Our weight can be affected by lots of things and being aware of the things in our life that might have an impact can be helpful, for instance:
- Sleep – When you are tired you not only have less energy to move but are also more likely to eat more in an effort to feel more energetic. Lack of sleep can also have an impact on your hormones and this too can affect your appetite and cause you to eat more than you need.
- Stress- The more stressed we are the more our cortisol levels increase which has shown to cause weight to be stored around our midsection more easily. Feeling like you are constantly in a state of flight or fight can also affect our hormones and affect our weight.
- Age- Our metabolism does slow with age and so (especially for women around menopause where estrogen levels start to decrease) it can feel like it’s harder to maintain our weight as we get older. This is probably heightened by the fact that weight distribution can also change as we age (so we start to notice new ‘problem’ areas we’d never noticed before).
- Hydration Levels – Dehydration affects our body functioning properly and can affect amongst other things digestion. Some people will also confuse thirst with hunger, so whilst the old ‘you’re not hungry drink a glass of water’ saying may feel like outdated diet twaddle, if you haven’t drank much that day but have eaten recently you may indeed actually be thirsty.
- Genes- Yes how and where we gain weight is affected by genes and also family background, how we were taught to approach food , our families eating habits and so on will likely subconsciously affect how we think about food now and may be the source of some of our misconceptions about diets and certain food groups.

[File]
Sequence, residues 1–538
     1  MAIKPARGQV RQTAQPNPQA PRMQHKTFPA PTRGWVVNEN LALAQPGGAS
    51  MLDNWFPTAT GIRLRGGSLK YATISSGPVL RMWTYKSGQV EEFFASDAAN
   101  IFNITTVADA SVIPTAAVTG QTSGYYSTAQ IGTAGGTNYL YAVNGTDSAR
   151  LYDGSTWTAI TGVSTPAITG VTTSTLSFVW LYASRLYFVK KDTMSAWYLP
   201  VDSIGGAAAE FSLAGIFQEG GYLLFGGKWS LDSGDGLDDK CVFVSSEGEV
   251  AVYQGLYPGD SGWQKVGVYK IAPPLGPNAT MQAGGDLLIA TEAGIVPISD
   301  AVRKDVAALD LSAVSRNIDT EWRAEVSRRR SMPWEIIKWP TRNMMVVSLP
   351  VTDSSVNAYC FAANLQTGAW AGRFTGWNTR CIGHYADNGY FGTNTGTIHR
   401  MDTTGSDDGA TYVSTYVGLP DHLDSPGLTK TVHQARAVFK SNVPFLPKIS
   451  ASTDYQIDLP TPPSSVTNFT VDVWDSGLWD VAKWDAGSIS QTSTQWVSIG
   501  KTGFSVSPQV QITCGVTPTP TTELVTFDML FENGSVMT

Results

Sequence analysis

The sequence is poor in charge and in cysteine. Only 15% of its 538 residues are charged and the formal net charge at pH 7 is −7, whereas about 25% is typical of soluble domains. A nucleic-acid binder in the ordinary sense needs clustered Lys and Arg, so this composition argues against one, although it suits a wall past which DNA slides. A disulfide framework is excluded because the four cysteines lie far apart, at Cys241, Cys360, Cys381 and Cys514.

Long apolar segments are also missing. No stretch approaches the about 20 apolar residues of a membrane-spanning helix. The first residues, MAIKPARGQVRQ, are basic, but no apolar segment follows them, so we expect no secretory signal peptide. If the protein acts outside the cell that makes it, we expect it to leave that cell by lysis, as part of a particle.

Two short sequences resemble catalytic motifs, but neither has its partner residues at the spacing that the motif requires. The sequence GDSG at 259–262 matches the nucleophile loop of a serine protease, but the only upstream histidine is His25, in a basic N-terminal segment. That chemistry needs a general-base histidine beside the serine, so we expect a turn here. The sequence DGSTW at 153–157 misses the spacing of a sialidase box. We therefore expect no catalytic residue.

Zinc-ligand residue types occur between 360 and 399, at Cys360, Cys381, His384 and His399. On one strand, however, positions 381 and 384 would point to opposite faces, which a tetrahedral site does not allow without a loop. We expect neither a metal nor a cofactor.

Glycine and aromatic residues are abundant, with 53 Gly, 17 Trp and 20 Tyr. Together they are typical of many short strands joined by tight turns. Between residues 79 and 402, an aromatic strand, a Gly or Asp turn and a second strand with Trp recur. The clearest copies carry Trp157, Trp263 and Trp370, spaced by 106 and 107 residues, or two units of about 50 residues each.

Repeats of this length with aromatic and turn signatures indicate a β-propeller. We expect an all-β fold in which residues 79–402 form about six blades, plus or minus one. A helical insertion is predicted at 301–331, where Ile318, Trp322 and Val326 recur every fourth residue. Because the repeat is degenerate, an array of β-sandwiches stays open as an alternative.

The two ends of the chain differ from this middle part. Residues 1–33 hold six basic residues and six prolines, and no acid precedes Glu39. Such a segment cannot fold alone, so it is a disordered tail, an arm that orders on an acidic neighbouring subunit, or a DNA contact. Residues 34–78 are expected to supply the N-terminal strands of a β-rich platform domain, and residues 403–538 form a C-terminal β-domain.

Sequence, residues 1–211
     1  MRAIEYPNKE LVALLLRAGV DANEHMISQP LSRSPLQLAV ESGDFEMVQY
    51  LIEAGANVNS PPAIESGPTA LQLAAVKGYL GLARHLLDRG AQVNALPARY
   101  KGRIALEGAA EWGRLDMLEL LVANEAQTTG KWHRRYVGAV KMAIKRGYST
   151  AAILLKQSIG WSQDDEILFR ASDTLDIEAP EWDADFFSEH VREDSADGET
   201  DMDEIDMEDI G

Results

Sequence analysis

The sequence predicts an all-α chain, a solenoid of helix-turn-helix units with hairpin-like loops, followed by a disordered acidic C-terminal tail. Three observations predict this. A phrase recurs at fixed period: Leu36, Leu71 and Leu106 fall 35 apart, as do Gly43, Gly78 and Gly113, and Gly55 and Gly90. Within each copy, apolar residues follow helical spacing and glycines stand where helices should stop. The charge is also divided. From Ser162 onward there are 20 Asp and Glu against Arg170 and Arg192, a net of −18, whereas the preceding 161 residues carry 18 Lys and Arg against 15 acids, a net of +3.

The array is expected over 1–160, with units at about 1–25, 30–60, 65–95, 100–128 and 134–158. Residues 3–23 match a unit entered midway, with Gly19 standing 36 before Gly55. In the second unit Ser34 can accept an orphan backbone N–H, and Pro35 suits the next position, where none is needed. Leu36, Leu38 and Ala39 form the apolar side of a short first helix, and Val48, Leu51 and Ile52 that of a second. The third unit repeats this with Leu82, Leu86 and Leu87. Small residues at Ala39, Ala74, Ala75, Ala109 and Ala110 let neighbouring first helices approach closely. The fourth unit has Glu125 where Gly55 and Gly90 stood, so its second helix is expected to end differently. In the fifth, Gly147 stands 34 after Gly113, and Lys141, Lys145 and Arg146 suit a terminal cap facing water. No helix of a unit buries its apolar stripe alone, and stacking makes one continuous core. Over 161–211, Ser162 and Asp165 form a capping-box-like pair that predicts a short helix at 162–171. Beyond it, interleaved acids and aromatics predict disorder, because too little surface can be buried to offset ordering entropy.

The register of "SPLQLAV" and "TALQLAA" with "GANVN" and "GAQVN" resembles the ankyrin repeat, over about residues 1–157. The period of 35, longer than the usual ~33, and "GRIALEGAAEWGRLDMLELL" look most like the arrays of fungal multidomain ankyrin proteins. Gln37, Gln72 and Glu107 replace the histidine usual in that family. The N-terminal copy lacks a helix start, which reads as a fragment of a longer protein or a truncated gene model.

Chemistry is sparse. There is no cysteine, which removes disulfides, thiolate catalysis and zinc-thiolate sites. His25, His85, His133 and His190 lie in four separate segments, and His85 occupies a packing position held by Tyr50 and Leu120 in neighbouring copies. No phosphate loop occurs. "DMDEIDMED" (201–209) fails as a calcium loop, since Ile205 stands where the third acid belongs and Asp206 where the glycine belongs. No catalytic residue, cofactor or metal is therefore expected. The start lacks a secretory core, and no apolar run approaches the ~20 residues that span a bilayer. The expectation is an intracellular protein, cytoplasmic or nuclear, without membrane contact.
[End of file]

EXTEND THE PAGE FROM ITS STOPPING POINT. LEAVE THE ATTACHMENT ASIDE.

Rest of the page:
- Medication – Everyone reacts differently to medications but for some weight gain can be a side effect from taking medication long term. That may be because they cause carb cravings, water retention, affect your metabolism, increase appetite (some medications do the opposite and supress your appetite). Some medical conditions themselves can have an effect on your weight, be it through appetite changes or being less able to exercise / move, and thyroid conditions for instance have a direct effect on your weight away from food and movement.
All of these things can affect our weight and how easily we might find it to lose weight, of course this is just a selection of a variety of circumstances and factors that can play a part.
But whilst it’s good to be aware of these things (and beyond weight reducing stress, sleeping more, drinking more water are going to have a positive effect on us) let’s not forget that they alone are unlikely (medical conditions aside) to be the sole reason you aren’t losing weight.
If you are eating more calories than you are burning a day that is the reason you are not losing (or even gaining) weight. Your medication might be making it harder, stress and lack of sleep may not be helping, but these things are great things to review either for the other benefits they bring or as additional considerations AFTER you have established whether your energy in versus energy out is where it should be.
Think of it like trying to ice a cake before it’s cooked. You need to get the absolute basics (calories) right before looking into the minute (lifestyle factors, macros, whether your Deadlift on a Monday or Friday) aspects of your life for the results to turn out as you’d like.